CHAPTER IX Mind is Life, and Thus It Cannot Lack Life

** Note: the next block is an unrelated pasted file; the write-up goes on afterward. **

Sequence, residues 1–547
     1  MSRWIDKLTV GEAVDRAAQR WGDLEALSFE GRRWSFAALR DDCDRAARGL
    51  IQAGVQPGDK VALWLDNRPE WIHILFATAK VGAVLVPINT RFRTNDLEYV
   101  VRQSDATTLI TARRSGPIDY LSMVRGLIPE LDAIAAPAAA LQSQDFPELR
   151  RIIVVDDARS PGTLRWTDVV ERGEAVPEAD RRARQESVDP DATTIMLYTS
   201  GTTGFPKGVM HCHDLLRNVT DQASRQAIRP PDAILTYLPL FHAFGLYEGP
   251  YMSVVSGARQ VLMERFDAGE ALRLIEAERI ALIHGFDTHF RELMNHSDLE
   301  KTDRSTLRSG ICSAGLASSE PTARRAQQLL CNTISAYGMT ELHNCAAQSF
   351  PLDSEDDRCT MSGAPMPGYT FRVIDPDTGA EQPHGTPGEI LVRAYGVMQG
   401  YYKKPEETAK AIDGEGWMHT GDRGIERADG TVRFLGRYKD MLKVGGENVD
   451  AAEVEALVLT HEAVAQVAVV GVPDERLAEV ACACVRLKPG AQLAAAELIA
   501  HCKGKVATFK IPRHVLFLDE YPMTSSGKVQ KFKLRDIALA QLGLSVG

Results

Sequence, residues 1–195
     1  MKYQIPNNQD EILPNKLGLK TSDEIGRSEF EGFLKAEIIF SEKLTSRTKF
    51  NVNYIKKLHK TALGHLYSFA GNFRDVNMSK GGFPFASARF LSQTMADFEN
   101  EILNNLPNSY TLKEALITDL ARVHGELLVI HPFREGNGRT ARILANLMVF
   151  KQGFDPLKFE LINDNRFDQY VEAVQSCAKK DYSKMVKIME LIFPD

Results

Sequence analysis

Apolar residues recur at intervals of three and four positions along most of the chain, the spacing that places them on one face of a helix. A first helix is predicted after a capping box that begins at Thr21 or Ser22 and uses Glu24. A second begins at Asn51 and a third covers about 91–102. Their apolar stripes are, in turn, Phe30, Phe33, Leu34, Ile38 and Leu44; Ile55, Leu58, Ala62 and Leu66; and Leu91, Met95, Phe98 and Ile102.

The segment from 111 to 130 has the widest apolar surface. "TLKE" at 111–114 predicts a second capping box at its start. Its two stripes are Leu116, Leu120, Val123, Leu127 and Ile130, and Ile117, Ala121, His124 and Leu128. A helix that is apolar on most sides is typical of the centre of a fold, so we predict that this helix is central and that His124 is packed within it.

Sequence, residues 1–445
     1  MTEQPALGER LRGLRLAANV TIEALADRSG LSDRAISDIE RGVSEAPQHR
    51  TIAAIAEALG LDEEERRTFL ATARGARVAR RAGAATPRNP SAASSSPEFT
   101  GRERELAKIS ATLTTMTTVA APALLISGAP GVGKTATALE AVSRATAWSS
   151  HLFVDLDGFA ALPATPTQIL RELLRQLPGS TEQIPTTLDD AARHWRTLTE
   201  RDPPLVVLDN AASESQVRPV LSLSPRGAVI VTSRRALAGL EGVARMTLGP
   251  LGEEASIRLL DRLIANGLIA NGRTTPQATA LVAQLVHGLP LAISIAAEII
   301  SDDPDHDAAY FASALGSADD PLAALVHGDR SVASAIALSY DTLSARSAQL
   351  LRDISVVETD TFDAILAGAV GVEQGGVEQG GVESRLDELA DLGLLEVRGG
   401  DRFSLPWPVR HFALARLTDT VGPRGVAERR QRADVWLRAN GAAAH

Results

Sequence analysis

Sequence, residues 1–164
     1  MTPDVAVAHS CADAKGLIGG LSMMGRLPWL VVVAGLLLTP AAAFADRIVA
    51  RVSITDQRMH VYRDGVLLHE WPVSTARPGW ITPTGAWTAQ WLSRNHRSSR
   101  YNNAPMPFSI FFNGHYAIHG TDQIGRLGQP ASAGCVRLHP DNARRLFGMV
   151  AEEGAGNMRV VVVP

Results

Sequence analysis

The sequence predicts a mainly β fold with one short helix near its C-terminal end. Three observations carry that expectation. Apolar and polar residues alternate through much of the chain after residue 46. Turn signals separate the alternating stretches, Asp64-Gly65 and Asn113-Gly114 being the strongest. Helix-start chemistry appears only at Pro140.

If anyone asserts that the mind ought not to fear that destruction in which that which was something becomes nothing, but ought to fear that in which we call those things dead which lack life, let him notice that there is no thing which lacks itself. Moreover, mind is a certain life, so that all which is animated lives. But every inanimate thing which can be animated is understood to be dead, that is, deprived of life. Hence the mind cannot die. For if anything can lack life, this thing is not mind which animates, but a thing which has been animated. If this is absurd, this kind of destruction should be feared. For if the mind dies wholly when life abandons it, that very life which deserts it is understood much better as mind, as now mind is not something deserted by life, but the very life itself which deserted. For whatever dead thing is said to be abandoned by life, is understood to be deserted by the soul. Moreover, this life which deserts the things which die is itself the mind, and it does not abandon itself; hence the mind does not die.